The Bloomberg was often seen inside the company it built as a sort of heavenly body. Dan Doctoroff likened it to the sun, a “life-giving force” that sustains its orbiting planets of business and media ventures. The CEO kept a model of the solar system near his desk, with a tiny replica of The Bloomberg affixed to the sun. The analogy might have even been too limited. There are now 324,000 Bloombergs in operation. Each brings in more than $20,000 in annual subscription fees per user. Bloomberg’s annual revenue is about $9 billion, with gross profit approaching $3 billion, according to Douglas Taylor of Burton-Taylor International Consulting, a market research and consulting firm that closely tracks the privately held company. The lion’s share of that profit comes from the terminal, which Bloomberg’s media operation and its 2,400 journalists exist to serve. Started by Winkler as a supplement to the terminal, the wire service has evolved into an essential feature. Taylor estimates that Bloomberg’s terminal business would suffer a 30 to 50 percent hit if Bloomberg News were to disappear.
To stay solvent today, almost every media outlet strikes a devil’s bargain with its business model, some more offensive than others. (BuzzFeed, for instance, has deleted posts that big advertisers object to.) The difference with Bloomberg is that its news service doesn’t merely grapple with that questionable compact—it was born from it. Bloomberg News was created to fuel the sun, not to be sustained by it in virtuous orbit. That is a tension that may never be resolved, a gap between business and influence, Owner and Mayor, a conflict inherent in the DNA of the company created in Mike Bloomberg’s image.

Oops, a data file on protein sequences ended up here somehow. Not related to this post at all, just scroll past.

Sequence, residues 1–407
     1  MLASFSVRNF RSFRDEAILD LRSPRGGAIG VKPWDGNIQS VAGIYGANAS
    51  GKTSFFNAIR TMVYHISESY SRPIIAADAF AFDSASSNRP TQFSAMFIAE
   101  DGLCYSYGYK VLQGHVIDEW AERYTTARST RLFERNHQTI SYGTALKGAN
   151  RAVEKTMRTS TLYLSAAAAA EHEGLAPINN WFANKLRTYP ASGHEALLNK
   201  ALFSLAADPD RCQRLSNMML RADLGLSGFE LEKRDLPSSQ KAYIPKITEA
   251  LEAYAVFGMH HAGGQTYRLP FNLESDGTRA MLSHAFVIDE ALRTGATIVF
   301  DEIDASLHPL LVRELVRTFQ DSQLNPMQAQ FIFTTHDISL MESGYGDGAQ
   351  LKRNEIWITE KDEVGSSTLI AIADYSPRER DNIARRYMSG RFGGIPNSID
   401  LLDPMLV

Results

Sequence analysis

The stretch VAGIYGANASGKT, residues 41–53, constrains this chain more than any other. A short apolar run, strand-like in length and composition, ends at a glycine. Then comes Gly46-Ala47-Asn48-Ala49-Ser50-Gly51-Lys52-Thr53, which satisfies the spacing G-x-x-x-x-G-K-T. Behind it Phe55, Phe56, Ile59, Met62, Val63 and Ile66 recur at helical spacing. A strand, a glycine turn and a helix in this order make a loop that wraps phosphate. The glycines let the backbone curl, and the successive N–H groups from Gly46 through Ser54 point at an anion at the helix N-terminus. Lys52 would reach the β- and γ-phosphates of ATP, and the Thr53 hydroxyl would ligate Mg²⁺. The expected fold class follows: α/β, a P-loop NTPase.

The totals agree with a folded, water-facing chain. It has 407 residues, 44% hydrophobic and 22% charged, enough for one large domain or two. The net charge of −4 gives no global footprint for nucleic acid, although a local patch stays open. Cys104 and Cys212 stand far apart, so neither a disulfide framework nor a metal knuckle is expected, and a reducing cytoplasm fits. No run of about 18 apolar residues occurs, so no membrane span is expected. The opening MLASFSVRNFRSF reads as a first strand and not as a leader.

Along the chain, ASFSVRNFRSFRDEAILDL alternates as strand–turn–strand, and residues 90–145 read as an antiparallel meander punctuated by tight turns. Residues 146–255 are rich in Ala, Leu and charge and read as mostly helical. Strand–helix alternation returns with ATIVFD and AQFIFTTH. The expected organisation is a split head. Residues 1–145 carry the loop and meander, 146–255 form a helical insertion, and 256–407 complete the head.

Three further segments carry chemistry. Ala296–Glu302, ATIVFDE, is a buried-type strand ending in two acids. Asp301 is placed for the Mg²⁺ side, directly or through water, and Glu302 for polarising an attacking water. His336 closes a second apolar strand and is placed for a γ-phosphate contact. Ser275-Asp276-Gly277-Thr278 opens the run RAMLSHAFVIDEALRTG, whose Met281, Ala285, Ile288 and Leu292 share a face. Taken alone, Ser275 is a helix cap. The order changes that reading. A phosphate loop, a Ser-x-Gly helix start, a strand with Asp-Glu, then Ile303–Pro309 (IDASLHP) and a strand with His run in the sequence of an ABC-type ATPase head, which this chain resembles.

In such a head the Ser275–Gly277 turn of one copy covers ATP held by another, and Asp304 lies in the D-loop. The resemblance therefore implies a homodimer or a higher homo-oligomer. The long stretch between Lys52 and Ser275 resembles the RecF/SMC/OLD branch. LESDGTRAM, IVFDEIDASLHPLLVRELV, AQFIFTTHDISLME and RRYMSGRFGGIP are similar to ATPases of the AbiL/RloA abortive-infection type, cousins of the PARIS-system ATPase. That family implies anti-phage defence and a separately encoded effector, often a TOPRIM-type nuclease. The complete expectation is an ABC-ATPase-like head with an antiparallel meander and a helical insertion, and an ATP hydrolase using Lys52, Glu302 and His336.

Which is why everything at Bloomberg, ultimately, begins and ends with what is going on in the black box of a billionaire’s brain. It has always been thus. Bloomberg is, as many of his employees told me, a brainy, unpredictable, sometimes irrational actor driven by ego. He has never been able to let the media professionals take over.
—Politico Magazine senior correspondent Luke O’Brien reports on the existential problem facing the 73-year-old billionaire’s eponymous company as he returns to run it.